The Go team explains compiler optimizations

Plus the latest GoLand EAP begins. |

#​508 — May 21, 2024

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Together with  Flipt

Go Weekly

▶  Boosting Performance of Go Apps with Optimizations — Three members of the Go team gave a talk at last week’s Google I/O about a topic we’ve covered a lot lately – using Go 1.20+’s profile-guided optimization (PGO) to essentially make your programs faster for free. The first ten minutes are an introduction to Go, but the meat starts about ten minutes in. This is a great way to learn about how PGO and some other Go compiler optimizations work, rather than merely their end result.

Balahan, Pratt, and Ma

How to Migrate from LaunchDarkly to OpenFeature — Join our webinar to learn why engineering leaders are adopting OpenFeature's feature management standard (part of CNCF) that enables you to work with any feature management vendor, and how to migrate from LaunchDarkly to OpenFeature's open standard.

Flipt sponsor

Thoughts on Using Go for Bioinformatics — A bioinformatician and data engineer ponders the use of various languages for scientific work, focusing on Go versus Rust, Python, Crystal, Julia and Zig. Go has a lot of plus points, but could simpler tasks be made any easier?

Samuel Lampa

Generic Concurrency in Go — An exploration of bringing generics and goroutines together to build useful, general purpose concurrent processing patterns. Straightforward examples. It’s good to see people thinking through this stuff.

Sergey Kamardin

The GoLand 2024.2 Early Access Program BeginsGoLand is a popular, but commercial, IDE in the Go world. As well as getting to look at the latest features, its ‘early access program’ benefits everyone by offering up to a few months of what is essentially a free-to-use trial.

Ruslan Akhmetzianov (JetBrains)

Don’t Return err in Go, But.. — The takeaway here is more about adding relevant details to errors to make your future debugging self’s job easier, including defining your own types and using errors.As.

Mateusz Czapliński


🛠 Code & Tools

Go Cover Treemap: Visualize Go Code Coverage as a Treemap — An interesting way to visualize large projects by way of go test -coverprofile’s results.

Nikolay Dubina

tinymath: Fast Go Math Library for Constrained Environments — If you’re using Go to work with microcontrollers or WebAssembly, this library trades off some precision for performance and small code size for common trigonometric, rounding, logarithmic, and similar functions.

Orsinium Labs

[Webinar] Saga Pattern Simplified: Building Sagas with Temporal — Learn how Temporal, a Durable Execution platform, lets you implement and automate Sagas more easily.

Temporal Technologies sponsor

go-quartz 0.12: Simple, Zero-Dependency Scheduling Library — Inspired by the similarly named Quartz scheduler for Java, go-quartz makes it easy to spin up a scheduler within a Go process and trigger functions and other jobs on defined schedules.

Eugene R.

go-mysql 1.8: A Pure Go Library for the MySQL Network Protocol — Not your typical MySQL client but for when you need to interact with other clients and servers at a low level.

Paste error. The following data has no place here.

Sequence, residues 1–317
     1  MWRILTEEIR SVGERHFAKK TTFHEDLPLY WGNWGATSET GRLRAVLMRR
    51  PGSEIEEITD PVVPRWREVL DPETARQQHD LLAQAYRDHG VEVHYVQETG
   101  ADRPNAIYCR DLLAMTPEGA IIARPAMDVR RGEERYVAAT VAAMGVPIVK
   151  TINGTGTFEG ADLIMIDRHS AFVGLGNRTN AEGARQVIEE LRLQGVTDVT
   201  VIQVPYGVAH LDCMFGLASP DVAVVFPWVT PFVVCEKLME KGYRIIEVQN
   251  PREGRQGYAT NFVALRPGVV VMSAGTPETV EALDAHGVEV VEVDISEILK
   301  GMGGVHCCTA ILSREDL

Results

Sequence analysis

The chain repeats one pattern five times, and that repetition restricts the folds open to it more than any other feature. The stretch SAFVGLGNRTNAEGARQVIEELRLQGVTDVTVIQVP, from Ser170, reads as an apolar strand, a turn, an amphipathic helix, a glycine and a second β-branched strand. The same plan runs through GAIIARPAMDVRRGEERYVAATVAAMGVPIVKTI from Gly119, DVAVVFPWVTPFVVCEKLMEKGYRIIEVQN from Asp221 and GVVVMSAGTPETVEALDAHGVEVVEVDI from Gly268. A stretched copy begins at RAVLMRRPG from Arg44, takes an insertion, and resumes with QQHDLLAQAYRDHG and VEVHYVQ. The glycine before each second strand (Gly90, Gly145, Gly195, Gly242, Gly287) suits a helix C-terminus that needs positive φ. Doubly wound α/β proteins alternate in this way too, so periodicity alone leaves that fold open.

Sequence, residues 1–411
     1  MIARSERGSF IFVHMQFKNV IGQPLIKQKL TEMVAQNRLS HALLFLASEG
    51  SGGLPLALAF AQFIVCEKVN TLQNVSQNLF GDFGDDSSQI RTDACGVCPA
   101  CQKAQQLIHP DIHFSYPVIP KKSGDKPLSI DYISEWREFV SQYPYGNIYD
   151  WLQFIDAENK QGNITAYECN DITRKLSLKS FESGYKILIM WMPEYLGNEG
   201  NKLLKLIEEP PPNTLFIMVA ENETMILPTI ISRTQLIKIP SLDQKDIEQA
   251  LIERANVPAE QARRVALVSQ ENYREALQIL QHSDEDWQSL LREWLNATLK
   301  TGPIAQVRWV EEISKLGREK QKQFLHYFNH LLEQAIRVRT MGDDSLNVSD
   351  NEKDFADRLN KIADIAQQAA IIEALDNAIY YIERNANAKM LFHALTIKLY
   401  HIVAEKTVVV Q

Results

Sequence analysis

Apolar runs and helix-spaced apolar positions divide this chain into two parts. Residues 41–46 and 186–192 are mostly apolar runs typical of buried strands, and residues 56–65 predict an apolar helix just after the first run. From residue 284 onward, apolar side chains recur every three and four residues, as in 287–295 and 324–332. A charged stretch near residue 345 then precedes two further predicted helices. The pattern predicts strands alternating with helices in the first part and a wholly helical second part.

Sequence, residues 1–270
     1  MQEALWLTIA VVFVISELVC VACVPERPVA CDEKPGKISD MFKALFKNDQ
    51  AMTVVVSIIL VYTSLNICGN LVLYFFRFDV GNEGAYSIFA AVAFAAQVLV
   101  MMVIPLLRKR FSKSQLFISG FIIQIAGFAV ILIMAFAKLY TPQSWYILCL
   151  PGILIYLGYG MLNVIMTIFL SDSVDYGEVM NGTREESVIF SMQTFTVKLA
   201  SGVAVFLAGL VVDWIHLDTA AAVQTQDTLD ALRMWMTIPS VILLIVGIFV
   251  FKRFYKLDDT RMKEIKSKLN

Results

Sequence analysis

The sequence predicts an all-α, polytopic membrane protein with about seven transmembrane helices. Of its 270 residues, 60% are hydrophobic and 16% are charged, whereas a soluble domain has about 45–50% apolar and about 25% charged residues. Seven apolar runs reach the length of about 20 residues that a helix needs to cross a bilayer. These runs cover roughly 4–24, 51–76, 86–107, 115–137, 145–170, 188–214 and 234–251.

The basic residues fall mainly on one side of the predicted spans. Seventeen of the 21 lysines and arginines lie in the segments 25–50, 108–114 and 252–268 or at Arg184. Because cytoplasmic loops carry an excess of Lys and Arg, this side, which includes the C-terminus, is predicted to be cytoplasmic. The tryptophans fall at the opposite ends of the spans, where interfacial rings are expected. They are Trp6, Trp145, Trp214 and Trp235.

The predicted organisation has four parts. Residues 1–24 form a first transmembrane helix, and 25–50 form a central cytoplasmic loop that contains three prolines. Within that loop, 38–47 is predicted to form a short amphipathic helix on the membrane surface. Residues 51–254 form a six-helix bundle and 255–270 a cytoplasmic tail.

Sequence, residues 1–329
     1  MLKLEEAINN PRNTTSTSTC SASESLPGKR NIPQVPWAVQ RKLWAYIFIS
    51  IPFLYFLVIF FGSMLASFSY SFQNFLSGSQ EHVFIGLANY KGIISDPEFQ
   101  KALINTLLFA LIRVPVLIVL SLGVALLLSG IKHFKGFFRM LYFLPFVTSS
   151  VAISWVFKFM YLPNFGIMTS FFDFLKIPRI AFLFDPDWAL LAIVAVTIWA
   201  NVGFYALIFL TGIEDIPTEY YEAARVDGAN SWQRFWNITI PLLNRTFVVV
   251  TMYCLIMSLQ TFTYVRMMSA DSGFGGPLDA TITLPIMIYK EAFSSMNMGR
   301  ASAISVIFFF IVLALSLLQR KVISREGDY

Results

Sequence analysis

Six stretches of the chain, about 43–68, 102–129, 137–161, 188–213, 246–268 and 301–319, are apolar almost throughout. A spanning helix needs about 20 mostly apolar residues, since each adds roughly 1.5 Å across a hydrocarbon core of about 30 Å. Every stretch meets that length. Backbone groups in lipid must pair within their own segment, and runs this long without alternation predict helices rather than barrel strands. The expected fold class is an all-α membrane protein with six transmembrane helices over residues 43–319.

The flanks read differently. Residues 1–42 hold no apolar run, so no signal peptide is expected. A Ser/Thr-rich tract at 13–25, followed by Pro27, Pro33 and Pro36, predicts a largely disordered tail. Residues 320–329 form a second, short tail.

📻 goradion: A Terminal Based Online Radio Player — Essentially a TUI client for mpv.

Viktoras Agejevas

  • gosec 2.20 – Go security checker via a CLI tool or GitHub Action. Inspects source code for security problems by scanning ASTs and SSA code representations.

  • Redka 0.5 – Redis re-implemented with SQLite. v0.3 adds the set (S*)  commands.

  • SFTPGo 2.6 – Full featured SFTP server. (Docs.)

  • pgRoll 0.6 – Zero-downtime, reversible schema migrations for Postgres.

  • Ebitengine 2.7.4 – Go's simple 2D game engine drops Go 1.18 support.

  • gRPC-Go 1.64 – Go implementation of gRPC for HTTP/2 based RPC.

  • Faktory 1.9 – Language-agnostic persistent background job server.

  • NATS.go 1.35 – Go client for the NATS messaging system.

  • quic-go 0.44 – Pure Go QUIC implementation.

  • Buf 1.32 – CLI tool for working with Protocol Buffers.

🎁 And one for fun..

Miniflux 2: Minimalist and Opinionated Feed Reader — So minimalist that no ORM or framework is used (just Postgres) and only the most essential of vanilla JavaScript. GitHub repo. Want a feed to try? This newsletter has one!

Frédéric Guillot


Older messages

Using 97 fewer cores thanks to PGO

Tuesday, May 14, 2024

Plus an HNSW indexed vector store library, a new Go game hits the Steam store, and is 'ok' ok?. | #​507 — May 14, 2024 Unsub | Web Version Together with Stytch logo Go Weekly Reclaiming CPU for

A very random issue

Tuesday, May 7, 2024

Plus a new language that compiles to Go, charts for the terminal, and some Go books from Packt. | #​506 — May 7, 2024 Unsub | Web Version Together with Ardan Labs Go Weekly Evolving the Go Standard

Going supersonic

Tuesday, April 30, 2024

Plus Go remains popular in pull requests, a CP/M emulator, and, sure, Go isn't Java. | #​505 — April 30, 2024 Unsub | Web Version ✍️ It's been a quiet week for big Go related news, but we still

Bringing PGO to the build pipeline

Tuesday, April 23, 2024

Plus how Go grew at Google, cmp.Or, and ways to visualize makefiles, Go binaries, and live Go processes. | #​504 — April 23, 2024 Unsub | Web Version Together with Three Dots Labs Go Weekly How Dolt

The latest Go developer survey results are in

Tuesday, April 16, 2024

Plus lots of database stuff, a new Go book is in print, and a Minesweeper implementation. | #​503 — April 16, 2024 Unsub | Web Version If you wondered why you didn't get an issue last week, we took

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